This whodunnit by Ander Martin delivers well-drawn settings and people, but ultimately fails to cohere into a satisfying plot.
The Somme Stations: Story never gets on track
Andrew Martin loves the railways. You can see it in each rivet-by-rivet description of a locomotive, the personification of cold iron that seems a character in itself.
The protagonist Jim Stringer, by contrast, is humble, seldom-spoken and in many ways reluctant to be part of the action at all. A railway detective, he joins a new military unit formed in the early moments of the First World War to transport - by rail, of course - supplies through the war zone. But although the mystery element is introduced in the first few paragraphs, a foreshadowing of murder and even treason, the next 50 pages take the story only to a seaside training ground.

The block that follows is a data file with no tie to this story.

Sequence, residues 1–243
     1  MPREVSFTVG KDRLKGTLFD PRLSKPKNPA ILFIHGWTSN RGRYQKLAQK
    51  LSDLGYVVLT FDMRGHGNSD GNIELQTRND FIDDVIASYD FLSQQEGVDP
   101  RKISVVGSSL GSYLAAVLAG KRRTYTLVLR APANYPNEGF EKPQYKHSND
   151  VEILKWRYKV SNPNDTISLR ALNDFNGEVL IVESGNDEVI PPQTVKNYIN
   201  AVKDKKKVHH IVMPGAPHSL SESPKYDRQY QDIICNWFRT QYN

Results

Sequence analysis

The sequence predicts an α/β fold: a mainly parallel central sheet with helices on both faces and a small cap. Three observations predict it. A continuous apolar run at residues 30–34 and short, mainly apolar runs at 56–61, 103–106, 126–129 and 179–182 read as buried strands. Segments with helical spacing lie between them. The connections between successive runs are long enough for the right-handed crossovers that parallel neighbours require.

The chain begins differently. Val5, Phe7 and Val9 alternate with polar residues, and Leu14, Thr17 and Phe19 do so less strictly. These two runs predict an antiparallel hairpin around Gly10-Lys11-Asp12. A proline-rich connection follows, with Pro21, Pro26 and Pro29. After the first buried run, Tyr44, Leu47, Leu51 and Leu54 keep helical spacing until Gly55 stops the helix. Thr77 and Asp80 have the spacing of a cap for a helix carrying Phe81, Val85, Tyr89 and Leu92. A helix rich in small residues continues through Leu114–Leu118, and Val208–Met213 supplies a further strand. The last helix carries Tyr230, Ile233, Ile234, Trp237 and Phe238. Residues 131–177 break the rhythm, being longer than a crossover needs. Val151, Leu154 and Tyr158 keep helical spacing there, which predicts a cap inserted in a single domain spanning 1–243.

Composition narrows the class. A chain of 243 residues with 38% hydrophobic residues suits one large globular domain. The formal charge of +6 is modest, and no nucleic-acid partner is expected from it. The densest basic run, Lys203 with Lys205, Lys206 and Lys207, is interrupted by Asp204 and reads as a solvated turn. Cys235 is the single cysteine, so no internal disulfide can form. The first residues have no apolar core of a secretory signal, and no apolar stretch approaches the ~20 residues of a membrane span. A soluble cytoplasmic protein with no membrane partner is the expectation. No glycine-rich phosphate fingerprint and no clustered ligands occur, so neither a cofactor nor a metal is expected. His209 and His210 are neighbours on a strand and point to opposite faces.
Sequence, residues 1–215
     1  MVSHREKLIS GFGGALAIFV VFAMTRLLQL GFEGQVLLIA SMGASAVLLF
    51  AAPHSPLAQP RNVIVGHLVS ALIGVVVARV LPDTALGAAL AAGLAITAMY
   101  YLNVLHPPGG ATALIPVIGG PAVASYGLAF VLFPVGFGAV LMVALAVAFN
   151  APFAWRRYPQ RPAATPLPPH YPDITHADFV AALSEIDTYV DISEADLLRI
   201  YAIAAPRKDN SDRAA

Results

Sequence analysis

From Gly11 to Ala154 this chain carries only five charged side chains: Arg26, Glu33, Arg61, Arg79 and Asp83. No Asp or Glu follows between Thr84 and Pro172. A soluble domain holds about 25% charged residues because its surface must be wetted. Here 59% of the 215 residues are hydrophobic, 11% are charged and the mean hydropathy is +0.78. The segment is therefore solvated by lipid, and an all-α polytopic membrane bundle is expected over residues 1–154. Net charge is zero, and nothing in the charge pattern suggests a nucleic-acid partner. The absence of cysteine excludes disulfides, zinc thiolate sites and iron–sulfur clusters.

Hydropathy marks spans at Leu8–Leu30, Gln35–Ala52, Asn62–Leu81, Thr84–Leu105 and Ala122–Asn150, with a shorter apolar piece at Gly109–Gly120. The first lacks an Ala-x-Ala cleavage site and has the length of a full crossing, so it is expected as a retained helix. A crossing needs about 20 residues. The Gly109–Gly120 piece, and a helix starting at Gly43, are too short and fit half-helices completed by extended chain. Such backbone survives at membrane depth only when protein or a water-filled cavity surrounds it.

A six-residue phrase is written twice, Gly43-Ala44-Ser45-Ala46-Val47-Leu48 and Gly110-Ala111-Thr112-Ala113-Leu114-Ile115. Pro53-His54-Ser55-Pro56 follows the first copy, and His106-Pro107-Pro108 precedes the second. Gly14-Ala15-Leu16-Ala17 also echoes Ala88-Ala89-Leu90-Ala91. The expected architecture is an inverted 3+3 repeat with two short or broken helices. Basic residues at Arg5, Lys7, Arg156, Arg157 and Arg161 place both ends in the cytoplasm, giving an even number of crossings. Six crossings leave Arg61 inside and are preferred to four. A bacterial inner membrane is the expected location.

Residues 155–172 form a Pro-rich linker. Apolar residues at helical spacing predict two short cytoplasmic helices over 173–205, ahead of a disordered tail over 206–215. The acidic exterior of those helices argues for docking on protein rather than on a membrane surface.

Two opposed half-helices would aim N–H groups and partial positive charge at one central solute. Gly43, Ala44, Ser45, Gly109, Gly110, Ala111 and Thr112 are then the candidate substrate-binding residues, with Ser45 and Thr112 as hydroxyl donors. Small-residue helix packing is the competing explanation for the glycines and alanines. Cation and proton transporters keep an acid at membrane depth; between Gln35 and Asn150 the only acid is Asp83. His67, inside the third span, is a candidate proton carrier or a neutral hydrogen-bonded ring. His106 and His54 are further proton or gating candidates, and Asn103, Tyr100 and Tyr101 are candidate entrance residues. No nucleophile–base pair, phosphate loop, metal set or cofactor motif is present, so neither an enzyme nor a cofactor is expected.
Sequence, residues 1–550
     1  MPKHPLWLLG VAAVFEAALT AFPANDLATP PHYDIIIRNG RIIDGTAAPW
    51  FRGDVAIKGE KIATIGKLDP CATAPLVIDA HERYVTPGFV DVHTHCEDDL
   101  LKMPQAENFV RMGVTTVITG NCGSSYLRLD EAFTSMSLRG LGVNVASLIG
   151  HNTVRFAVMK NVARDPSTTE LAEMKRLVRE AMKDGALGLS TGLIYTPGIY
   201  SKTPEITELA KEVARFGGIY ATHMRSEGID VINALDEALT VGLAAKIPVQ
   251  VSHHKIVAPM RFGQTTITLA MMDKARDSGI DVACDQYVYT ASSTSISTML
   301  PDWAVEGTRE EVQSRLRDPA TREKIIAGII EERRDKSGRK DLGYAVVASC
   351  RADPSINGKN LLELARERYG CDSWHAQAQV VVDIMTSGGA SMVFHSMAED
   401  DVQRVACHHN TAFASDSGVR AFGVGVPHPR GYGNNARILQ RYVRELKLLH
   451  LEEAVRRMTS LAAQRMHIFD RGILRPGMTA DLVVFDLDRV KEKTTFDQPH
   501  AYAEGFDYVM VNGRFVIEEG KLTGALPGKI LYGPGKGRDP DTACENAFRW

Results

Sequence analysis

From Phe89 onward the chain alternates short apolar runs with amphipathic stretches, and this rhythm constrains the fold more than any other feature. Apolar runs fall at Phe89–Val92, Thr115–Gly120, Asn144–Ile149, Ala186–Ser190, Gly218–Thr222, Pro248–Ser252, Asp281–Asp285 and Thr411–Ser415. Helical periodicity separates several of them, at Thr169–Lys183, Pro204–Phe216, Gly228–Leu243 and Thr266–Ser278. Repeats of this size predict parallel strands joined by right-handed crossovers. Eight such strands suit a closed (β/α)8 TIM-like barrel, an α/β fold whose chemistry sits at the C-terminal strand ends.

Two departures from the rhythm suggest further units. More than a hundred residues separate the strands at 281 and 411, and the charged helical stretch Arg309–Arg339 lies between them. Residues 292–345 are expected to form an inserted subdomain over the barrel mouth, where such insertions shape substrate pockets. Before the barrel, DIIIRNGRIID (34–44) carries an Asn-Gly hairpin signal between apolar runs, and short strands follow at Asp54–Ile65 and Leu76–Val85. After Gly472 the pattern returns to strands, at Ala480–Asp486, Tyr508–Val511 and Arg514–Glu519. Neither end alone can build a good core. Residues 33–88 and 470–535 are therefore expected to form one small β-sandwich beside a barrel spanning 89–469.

Odd bits of writing conceit, such as the inclusion of at least one (it seems like) parenthetical thought on each page, are distracting as well. The whodunit does eventually take shape, forged in the crucible of barbed-wire battlefields. And the characters, from rough-hewn farmboys to would-be philosophers, all thrust to the front for various reasons, speak naturally and act believably. Unfortunately, despite the well-drawn settings and people, the story really never gets on track.